Forbidden Kingdom (2-Disc Special Edition)

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Product Overview

Individually, they've starred in the most adrenaline-pumping martial-arts adventures ever. Together for the first time, Jet Li and Jackie Chan join forces to create the greatest epic of them all - The Forbidden Kingdom. As ancient Chinese warriors, they must train and mentor a 21st century kung-fu fanatic who's been summoned to fight a centuries-old battle and free the imprisoned Monkey King. If you're a fighting fan, the wait is over. The team is ready. The Kingdom has arrived.


Studio Lions Gate
SKU 208290025
UPC 031398101109
UPC 14 00031398101109
Format DVD
Release Date 4/5/2011
Rating Rating
Kung Fu
Martial Arts
Teenage Fantasy Adventure
Theatrical Release
Editors Note
Note East meets West and kung-fu legends collide as Jackie Chan and Jet Li square off in the fists-a-flying, family-friendly FORBIDDEN KINGDOM. Based on the classical Chinese novel JOURNEY TO THE WEST, the film begins in modern-day Boston. There, while teenage kung-fu flick enthusiast Jason (Michael Angarano) is buying bootleg DVDs from his favorite shopkeeper, Old Hop (Chan, aged by prosthetic makeup), he is drawn to an ancient golden staff. When a local bully forces weakling Jason to help rob Old Hop, Jason escapes with the staff and is magically transported to ancient China. He is soon rescued from the forces of the Jade Warlord by Lu Yan (Chan), a raggedy wanderer whose wine-guzzling ways conceal his kung-fu mastery. Yan reveals the truth of the staff, and that Jason is the fabled Seeker who must return it to the Monkey King (Li) to prevent the warlord's evil plans. The two are joined in their quest by a kung-fu master, Silent Monk (Li), and a beautiful orphan (Liu Yifei) who harbors her own personal vendetta. Despite their differences, the two masters teach Jason the ways of the kung-fu warrior. And when Lu Yan is gravely wounded by the warlord's sexy assassin, Jason must bring his newfound skills and courage to bear if he is to save one world and return to his own. Choreographed by action impresario Woo-ping Yuen (THE MATRIX, KILL BILL) and shot on location in China, FORBIDDEN KINGDOM is an appealing family adventure about the importance of working together and the value of believing in one's abilities.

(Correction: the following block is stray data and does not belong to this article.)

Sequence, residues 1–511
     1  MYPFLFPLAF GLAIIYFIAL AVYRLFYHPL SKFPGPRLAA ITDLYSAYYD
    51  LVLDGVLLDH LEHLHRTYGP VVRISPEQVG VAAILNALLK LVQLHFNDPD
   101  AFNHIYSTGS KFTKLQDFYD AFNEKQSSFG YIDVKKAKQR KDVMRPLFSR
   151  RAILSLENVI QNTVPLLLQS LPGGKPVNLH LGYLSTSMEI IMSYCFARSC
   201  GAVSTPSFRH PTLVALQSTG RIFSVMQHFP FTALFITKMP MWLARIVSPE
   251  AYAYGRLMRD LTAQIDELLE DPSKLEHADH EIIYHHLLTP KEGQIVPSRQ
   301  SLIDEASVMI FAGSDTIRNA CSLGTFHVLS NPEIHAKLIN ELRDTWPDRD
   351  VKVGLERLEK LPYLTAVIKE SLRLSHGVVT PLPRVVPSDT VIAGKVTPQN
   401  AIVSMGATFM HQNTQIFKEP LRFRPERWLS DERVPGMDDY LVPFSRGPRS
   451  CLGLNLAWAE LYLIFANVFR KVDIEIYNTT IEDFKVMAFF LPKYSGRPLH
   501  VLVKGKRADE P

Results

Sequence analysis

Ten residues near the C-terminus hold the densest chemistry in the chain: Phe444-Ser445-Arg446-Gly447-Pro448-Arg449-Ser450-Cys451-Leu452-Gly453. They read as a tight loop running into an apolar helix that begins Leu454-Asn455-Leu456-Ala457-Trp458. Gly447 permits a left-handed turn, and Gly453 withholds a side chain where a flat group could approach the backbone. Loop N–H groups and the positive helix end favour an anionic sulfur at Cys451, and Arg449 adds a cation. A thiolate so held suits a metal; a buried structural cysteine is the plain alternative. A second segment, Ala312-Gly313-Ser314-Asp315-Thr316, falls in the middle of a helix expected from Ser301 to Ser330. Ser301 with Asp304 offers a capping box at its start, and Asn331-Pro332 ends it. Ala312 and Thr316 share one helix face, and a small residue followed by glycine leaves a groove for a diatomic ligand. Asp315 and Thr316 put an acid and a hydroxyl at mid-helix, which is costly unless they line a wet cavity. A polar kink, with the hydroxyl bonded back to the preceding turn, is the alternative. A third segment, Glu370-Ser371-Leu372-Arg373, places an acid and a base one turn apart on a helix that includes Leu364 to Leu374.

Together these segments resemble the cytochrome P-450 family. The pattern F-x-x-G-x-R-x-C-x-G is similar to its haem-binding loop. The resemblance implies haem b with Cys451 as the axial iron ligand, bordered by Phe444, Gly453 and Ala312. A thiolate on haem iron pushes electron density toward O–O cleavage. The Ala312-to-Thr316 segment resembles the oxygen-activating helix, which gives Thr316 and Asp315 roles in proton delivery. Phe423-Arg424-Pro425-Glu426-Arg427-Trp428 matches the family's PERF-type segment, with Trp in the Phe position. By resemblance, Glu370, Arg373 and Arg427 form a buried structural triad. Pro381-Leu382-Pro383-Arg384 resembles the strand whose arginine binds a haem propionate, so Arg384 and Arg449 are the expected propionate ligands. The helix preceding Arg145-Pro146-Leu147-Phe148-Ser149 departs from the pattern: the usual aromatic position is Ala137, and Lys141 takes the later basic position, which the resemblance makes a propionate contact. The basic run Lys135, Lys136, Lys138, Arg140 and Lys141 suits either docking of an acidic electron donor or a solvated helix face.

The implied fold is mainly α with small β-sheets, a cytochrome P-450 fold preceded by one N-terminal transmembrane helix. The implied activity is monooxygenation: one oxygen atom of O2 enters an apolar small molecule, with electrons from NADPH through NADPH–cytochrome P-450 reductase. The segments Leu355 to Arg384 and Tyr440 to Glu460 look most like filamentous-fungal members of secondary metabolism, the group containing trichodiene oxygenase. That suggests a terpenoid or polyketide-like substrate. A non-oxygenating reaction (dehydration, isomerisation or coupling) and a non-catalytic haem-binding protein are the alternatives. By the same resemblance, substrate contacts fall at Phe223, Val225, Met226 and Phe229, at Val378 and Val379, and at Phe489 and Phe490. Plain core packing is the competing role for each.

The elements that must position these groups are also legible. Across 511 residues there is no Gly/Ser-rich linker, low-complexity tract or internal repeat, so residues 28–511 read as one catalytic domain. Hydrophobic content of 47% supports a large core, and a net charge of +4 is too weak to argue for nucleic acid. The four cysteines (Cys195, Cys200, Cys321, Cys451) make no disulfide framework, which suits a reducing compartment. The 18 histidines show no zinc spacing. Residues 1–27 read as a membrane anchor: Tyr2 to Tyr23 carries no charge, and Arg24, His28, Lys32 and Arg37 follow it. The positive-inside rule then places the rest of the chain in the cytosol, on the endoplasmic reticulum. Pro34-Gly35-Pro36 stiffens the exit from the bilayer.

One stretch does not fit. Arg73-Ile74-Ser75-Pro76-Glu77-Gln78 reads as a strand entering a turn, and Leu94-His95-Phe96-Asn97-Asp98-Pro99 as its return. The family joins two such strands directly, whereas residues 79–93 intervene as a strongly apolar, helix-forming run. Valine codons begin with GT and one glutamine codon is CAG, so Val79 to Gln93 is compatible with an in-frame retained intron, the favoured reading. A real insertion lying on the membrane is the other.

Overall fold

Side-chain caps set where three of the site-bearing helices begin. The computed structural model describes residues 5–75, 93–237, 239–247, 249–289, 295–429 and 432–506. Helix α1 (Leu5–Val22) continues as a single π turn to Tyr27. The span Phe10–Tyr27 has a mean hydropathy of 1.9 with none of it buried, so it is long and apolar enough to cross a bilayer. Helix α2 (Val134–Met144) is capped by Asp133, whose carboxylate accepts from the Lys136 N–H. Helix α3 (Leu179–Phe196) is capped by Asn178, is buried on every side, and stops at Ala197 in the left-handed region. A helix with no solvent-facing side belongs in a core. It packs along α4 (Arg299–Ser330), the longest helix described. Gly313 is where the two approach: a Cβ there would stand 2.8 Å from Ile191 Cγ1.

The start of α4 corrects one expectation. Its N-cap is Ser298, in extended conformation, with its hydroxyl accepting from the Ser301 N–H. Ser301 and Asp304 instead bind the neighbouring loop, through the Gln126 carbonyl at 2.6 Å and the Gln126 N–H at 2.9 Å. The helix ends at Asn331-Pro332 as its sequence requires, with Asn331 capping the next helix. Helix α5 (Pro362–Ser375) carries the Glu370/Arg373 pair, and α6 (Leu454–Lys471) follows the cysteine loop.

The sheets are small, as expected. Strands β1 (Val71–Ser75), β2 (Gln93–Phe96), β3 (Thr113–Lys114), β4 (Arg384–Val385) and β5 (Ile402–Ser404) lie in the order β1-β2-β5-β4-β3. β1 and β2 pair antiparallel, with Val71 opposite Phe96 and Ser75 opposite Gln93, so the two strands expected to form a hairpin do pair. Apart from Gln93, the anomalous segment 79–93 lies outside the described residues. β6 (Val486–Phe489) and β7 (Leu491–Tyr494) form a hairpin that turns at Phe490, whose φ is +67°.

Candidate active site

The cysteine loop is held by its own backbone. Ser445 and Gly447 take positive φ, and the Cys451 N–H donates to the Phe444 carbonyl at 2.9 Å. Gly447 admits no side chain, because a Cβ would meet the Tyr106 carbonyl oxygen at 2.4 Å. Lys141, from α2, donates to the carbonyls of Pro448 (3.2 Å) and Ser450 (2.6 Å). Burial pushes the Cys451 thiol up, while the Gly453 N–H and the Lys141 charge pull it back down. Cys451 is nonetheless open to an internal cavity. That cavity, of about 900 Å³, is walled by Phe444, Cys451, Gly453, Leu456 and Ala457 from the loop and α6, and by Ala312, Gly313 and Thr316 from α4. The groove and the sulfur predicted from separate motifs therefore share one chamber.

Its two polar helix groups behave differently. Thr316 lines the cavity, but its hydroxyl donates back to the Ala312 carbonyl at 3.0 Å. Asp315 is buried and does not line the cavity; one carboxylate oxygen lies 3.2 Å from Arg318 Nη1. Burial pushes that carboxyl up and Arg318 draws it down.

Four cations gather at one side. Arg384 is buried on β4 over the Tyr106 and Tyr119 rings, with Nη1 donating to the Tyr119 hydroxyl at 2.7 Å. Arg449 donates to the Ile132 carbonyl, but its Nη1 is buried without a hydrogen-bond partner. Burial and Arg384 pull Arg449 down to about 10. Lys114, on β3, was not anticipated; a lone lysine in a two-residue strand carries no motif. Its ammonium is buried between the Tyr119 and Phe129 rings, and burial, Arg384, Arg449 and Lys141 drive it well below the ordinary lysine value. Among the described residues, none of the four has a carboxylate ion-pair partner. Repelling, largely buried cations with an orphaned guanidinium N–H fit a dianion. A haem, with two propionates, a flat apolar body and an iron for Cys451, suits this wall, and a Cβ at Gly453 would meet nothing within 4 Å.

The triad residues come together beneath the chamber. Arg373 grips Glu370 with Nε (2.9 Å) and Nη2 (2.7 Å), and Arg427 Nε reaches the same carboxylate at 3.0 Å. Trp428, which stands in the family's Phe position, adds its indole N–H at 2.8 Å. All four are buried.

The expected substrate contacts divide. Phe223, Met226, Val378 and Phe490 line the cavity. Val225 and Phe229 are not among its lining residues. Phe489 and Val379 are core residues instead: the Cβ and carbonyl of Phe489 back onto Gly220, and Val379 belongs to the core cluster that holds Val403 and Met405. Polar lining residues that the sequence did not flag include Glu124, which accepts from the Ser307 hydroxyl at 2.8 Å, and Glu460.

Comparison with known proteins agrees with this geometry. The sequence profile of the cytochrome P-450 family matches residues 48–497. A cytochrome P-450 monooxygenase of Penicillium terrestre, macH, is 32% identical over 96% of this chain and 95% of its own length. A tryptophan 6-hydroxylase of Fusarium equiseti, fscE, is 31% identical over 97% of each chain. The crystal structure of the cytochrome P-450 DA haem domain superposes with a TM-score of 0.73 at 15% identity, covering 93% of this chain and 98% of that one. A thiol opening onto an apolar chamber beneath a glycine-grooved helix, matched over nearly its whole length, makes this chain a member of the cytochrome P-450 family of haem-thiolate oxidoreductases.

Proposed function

New York Times "FORBIDDEN KINGDOM is a faithful and disarmingly earnest attempt to honor some venerable and popular Chinese cinematic traditions....[With] a lot of wildly inventive fighting." 04/18/2008
Sight and Sound "For genre fans there's a feast of sly references..." 07/01/2008 p.58
Empire 3 stars out of 5 -- "[T]he two stars don't disappoint, either when sparring together or in taking on hordes of enemies under the direction of legendary fight choreographer Yuen Woo-Ping. 08/01/2008 p.59
Rob Minkoff
Jet Li
Jackie Chan
Michael Angarano
Cast & Crew
Li Bing Bing - Star
Jet Li - Star
Ngai Sing - Star
Ye Xiaokeng - Star
Yifei Liu - Star
Jackie Chan - Star
Michael Angarano - Star
Crystal Liu - Star
Yuen Woo-ping - Fight Choreographer
John Fusco - Screenwriter
David Buckley - Composer
Peter Pau - Director of Photography
Casey Silver - Producer
Rob Minkoff - Director
Technical Info
Original Release Date 2008
Catalog ID 23835
UPC 00031398101109
Number of Discs 1
Running Time 104 minutes
Color Color
Original Language English
Available Subtitles English, Spanish
Available Audio Tracks English [CC], English
Aspect Ratio
Widescreen  2.35:1